Thursday, May 26, 2011

embroidery and a little history.

Victorian embroidered necklace

So in an attempt to be an educated person I am taking advantage of being out here in the fields to attempt to get through the oh so dense Subversive Stitch. At the next Collective Thread meeting the plan is to use the book as a jumping off point for conversation.

This morning I was reading away and a few points of interest were:

We all know that at points in history embroidery was used as a status symbol of wealth...showing that you had time to be idle and make embroidery. But one fascinating little tidbit towards this is that in the 1520's a favored item was embroidered gloves. By wearing these delicate gloves you separated yourself from the manual labor class as you were living a life "unsullied" existence in order to keep the gloves clean and sound. I personally love hand made gloves and always seem to buy them but never wear them as my life is quite sullied with reality. But maybe I should make my own pair of gloves at some point.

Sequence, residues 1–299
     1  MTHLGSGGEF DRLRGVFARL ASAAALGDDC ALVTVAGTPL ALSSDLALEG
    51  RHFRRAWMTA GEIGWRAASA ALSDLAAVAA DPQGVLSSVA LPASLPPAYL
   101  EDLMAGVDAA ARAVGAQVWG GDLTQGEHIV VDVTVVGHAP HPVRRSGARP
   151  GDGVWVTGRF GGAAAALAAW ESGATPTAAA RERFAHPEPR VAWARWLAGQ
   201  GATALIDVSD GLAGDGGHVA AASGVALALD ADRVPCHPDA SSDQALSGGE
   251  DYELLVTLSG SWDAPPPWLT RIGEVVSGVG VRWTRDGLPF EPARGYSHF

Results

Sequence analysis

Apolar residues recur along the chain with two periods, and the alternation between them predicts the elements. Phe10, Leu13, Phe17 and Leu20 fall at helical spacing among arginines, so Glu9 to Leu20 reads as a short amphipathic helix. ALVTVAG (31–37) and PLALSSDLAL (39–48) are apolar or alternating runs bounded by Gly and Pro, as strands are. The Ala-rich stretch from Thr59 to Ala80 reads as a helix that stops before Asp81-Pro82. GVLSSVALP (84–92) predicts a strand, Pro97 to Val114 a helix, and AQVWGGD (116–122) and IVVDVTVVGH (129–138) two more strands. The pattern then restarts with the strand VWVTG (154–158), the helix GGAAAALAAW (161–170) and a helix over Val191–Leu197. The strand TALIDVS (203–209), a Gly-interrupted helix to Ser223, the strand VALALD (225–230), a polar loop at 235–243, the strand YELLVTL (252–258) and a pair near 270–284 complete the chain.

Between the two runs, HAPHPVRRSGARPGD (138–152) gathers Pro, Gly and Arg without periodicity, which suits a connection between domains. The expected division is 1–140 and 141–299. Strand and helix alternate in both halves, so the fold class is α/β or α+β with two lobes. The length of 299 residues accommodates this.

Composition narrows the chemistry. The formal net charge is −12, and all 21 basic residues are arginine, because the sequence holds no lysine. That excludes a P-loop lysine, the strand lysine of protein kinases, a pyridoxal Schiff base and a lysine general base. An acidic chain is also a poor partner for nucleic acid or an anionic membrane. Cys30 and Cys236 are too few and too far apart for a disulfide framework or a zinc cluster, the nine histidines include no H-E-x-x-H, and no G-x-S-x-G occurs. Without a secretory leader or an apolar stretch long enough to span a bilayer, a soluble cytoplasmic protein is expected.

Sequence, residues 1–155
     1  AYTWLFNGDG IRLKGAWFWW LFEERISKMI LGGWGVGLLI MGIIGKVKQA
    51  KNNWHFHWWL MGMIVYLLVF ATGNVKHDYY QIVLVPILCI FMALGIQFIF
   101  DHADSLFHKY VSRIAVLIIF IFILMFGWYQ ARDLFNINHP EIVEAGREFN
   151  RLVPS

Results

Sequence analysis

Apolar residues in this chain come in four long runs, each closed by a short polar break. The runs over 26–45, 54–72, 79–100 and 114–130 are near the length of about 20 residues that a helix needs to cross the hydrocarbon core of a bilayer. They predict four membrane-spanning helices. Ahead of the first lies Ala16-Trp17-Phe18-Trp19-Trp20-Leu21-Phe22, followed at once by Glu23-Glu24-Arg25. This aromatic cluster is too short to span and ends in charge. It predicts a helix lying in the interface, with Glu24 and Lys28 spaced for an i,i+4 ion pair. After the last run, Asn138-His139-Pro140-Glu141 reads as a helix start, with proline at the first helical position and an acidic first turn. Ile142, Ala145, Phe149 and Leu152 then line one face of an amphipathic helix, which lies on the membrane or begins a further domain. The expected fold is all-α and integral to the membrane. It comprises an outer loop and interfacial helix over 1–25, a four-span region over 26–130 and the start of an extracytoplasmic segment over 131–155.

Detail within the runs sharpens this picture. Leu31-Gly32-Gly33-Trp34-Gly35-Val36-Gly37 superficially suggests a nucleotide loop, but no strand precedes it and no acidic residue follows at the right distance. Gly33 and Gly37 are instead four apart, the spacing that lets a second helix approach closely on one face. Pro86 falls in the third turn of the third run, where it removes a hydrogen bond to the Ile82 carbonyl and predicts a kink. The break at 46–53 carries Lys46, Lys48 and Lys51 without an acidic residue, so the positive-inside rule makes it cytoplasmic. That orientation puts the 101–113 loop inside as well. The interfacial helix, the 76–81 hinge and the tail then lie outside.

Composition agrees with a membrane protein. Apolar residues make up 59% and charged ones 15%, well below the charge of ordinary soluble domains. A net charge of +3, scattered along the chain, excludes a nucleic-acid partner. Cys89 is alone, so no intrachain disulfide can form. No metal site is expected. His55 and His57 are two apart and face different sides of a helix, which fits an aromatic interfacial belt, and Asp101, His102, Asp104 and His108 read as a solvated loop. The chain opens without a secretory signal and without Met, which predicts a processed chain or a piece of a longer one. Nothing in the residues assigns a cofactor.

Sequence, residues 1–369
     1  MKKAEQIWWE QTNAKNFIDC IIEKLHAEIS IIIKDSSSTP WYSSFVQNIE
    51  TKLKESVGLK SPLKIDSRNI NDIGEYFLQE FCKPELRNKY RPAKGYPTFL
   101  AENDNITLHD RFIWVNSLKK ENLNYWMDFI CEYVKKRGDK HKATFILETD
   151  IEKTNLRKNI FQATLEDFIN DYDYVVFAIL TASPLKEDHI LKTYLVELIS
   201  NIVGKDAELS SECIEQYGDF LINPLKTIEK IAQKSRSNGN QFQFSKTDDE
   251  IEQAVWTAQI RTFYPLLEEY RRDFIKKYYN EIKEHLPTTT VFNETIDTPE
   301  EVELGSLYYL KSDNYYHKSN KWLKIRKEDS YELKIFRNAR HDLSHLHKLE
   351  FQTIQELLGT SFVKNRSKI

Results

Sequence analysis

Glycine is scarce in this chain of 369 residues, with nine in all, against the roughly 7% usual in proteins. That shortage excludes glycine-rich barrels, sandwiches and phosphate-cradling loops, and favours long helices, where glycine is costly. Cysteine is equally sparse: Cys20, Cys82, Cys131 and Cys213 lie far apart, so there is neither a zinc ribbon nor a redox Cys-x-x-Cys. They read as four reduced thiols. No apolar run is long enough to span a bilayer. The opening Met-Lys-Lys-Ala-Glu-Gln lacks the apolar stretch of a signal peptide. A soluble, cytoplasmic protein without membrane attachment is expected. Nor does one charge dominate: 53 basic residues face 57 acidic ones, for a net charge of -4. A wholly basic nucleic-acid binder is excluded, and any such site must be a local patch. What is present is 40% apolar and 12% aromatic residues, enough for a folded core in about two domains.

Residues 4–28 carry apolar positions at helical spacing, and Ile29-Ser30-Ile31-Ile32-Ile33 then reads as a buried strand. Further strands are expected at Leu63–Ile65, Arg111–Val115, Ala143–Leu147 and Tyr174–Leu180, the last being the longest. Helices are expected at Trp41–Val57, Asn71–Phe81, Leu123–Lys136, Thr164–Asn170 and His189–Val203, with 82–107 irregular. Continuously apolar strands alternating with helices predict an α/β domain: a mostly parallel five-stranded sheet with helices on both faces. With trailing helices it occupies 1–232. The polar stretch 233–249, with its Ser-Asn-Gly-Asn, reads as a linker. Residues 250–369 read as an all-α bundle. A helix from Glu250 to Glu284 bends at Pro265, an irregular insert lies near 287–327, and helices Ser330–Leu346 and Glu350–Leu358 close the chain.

Victorian embroidered necklace

Also in discussing how embroidery and needlework was part of the female education and how it created a way to educate girls without that seeming to "threatening" to the patriarchy I found this quote interesting:

The place of needlework in a women's education was to become primary by the 17th century. In the 16th century it served 2 functions: endowed an education with elevated class associations, and making an education, which might otherwise have been deemed dangerously masculine, safely feminine.

embroidered book cover made by Queen Elizabeth I given as a gift

The reference to creating class within the educational environment was due to the fact that the women who needed to eventually make money turned her needle to useful sewing skills while the woman that was to "adorn some high position she must acquire suitable accomplishments...including drawing .... to beautify her needlework."

I have always been quite interested in the idea of class within the history of embroidery.

In graduate school this often became an issue for my faculty- in that my work was referring to an upper class. To me this was never a weakness as my point of view has always been from a middle to upper class place, since my teen years at least, and I think that it is just an interesting voice as any. Besides that I find upper class people making work about working class situations to be a little hypocritical. Anyway... I digress.

those are my reflections today.

Pictures of the day later. My camera is in with a sleeping babe and I do not dare wake him.

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